Guest Writers

Dark Endeavors Home Page
The Boulder Lout
Articles and Editorials
Radio Commentaries on KGNU
Dark Cloud's Passing Acquaintances
Dark Cloud's Hyde Park Forums

Email Dark Cloud!
Jennifer Heath
Chris Daniels
Mindy Sterling-Houser
Bruce Campbell Art
Ashley Snow Macomber
Jeanette M. Barrie Thai Yoga Massage
Lannie Garrett
Juke Box In My Head
The Sandbox
Nancy Cook's newest
Duffy Keith
Hank Harris
Carol H. MacLeod Images
Dispatches from Boulder the Damned
  Word or Phrase
Previous Week Next Week

Saturday, October 02, 2004

A secondary editorial in the Denver Post explains a lot about the decision to keep the Grand Jury testimony hidden from the public that paid for it.    CU must be thrilled, as the incompetencies of various officials won't be out before the election as it should be, just to stir the waters.  It still amazes me that Jim Martin of all people, and the one Regent retiring, is still the go-to guy for the press, when at this point his opinion is of even less importance to the Regents than before.

I'm hoping the bifurcated charge approach works, and that Nathan Maxcey isn't employed as a buffer yet again between the hypcritical estate of the football team and the law.

A death by drugs in Nederland has apparently closed the Youth Hostel up there.  A guy staying in the hostel overdosed, the current thinking, and was found last Monday.  The Hostel had been a source of much conflict between the town and Ron Mitchell, its owner, over the years.  I used to work for Ron, and the animosity between he and Nederland is deep.   He must be disappointed that the hostel is gone, but it was probably to his detriment to keep it open, since the property could be more profitably used for something else.  It is, of course, the people who stayed there that will be at risk now, and with winter coming - well, here - it won't necessarily be pretty up there.  Low cost housing is an unpleasant subject and one that people don't want to deal with, but one way or the other - usually the other if by other you mean 'police' and 'jail' - we all pay for it.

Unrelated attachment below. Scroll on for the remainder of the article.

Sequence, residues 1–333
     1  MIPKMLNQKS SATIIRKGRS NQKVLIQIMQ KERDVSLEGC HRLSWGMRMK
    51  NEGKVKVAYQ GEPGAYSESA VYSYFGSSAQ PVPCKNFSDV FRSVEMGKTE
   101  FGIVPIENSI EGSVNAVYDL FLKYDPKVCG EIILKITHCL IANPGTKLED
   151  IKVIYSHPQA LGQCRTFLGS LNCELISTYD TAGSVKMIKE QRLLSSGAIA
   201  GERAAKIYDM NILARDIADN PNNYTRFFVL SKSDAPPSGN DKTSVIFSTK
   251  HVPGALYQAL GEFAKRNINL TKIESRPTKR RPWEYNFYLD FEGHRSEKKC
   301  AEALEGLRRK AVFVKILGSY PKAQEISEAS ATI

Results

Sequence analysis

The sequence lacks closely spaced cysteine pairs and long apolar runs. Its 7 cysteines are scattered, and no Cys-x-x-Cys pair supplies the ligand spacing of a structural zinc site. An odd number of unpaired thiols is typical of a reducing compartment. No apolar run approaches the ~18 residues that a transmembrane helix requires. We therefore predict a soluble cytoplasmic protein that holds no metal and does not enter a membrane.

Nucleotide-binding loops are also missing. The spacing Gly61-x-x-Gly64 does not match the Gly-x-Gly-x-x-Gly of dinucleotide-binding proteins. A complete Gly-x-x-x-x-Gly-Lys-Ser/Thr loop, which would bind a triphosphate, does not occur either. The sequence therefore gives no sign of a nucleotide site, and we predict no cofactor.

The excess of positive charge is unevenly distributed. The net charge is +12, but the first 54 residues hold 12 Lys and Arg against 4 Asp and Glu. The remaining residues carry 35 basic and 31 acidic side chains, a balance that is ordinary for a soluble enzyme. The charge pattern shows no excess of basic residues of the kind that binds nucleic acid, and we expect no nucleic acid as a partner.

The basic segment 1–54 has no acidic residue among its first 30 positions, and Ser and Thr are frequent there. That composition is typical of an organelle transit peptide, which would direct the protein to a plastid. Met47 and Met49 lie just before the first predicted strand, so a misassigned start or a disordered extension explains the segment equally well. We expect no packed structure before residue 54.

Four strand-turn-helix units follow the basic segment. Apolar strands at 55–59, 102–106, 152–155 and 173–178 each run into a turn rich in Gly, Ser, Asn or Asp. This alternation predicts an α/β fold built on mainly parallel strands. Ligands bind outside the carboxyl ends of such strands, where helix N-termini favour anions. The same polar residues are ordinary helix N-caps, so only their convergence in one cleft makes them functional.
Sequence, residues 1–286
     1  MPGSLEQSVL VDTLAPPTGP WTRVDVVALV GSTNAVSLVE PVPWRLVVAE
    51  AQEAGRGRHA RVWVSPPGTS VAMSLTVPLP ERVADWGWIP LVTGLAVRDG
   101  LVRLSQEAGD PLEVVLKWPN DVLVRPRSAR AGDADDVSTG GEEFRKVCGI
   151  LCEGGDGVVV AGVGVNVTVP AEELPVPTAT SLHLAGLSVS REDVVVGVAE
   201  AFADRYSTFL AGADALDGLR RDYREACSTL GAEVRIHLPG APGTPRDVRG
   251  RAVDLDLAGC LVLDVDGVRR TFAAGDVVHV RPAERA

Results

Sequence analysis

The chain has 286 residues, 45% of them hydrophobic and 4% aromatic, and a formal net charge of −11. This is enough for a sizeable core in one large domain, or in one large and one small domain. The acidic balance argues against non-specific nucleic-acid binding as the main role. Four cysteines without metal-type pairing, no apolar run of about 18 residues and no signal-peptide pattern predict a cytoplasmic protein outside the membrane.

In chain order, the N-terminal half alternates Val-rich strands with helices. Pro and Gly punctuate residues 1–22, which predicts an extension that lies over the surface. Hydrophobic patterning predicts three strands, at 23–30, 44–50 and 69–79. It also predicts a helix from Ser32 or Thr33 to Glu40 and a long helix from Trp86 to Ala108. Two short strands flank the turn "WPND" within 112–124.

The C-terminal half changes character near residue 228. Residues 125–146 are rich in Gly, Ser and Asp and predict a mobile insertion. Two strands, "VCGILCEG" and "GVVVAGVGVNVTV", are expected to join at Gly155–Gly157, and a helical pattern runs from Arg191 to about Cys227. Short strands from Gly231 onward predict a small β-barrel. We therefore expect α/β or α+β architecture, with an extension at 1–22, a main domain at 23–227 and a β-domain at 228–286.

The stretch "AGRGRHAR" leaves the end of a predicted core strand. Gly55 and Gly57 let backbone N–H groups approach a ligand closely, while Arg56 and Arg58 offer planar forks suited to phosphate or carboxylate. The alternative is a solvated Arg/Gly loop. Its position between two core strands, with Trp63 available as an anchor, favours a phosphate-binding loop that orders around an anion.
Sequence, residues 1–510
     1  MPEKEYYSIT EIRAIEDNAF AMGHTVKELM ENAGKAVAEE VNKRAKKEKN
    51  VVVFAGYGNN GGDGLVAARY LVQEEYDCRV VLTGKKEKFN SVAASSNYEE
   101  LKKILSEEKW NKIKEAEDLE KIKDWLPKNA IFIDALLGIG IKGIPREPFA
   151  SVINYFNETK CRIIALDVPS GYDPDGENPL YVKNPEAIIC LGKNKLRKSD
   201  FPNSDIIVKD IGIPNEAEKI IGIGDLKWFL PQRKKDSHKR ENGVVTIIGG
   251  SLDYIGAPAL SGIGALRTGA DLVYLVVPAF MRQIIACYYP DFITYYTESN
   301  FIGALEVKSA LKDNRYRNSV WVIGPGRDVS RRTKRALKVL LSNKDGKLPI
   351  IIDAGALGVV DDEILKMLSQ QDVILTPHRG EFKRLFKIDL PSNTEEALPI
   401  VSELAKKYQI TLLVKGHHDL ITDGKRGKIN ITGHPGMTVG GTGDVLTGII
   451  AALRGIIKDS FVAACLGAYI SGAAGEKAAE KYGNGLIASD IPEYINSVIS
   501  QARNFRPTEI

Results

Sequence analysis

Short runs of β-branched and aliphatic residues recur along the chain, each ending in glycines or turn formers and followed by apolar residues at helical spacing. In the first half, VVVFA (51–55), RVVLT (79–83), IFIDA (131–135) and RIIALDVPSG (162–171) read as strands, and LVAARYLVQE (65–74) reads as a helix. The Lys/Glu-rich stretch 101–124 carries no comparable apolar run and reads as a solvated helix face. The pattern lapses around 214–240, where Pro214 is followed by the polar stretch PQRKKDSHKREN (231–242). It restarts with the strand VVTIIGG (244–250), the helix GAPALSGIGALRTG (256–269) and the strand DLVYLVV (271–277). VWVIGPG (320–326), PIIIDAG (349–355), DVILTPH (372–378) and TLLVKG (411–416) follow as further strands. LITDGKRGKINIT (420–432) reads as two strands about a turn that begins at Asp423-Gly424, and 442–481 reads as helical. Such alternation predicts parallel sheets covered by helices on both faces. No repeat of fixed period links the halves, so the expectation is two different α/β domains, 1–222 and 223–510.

Friday, October 01, 2004

Kerry snowed Bush.  It wasn't close.  Bush looked like a whipped animal at the end, and he was.  

I don't understand why Kerry, confronted with his changing opinions, doesn't simply say that on the war we were all provided with information by the President's administration we were told was correct.  It turned out not to be correct, and we have the right to change our mind based on that.

In any case, man was it good to see Kerry shine a bit and remove the image that he was being carried by the hate for Bush only.  He sounded and looked pretty good last night.

And I can use the good news, because Boulder and CU aren't providing any.   Richard "The Hammer" Bynny, Chancellor of CU, has come out against any more liquor licenses in the city, saying it contributes to 'binge drinking.'  But wait!  An update......

Three.   The University of Oklahoma, shamed that Colorado is leading in any athletic category, sprung into the Big Time and provided its own young corpse from excessive drinking.

Anyway, Bynny is bogus on booze.  The issues surrounding booze ought not to be tainted by any thought or nod to legality.   The three collegiate deaths (In a month!  Pretty impressive, guys....) featured underaged kids snockered with booze illegally provided by alumni or fraternity members.  All three.  A brace of prison terms ought to shape that up, pretty quick.  But of course, college kids tend to have wealthy parents who can hire attorneys who can bleed the public sector beyond point.  And no support from alumni if they cannot get snockered at football games, and drive home and pinch the cheerleaders.   We know the drill.........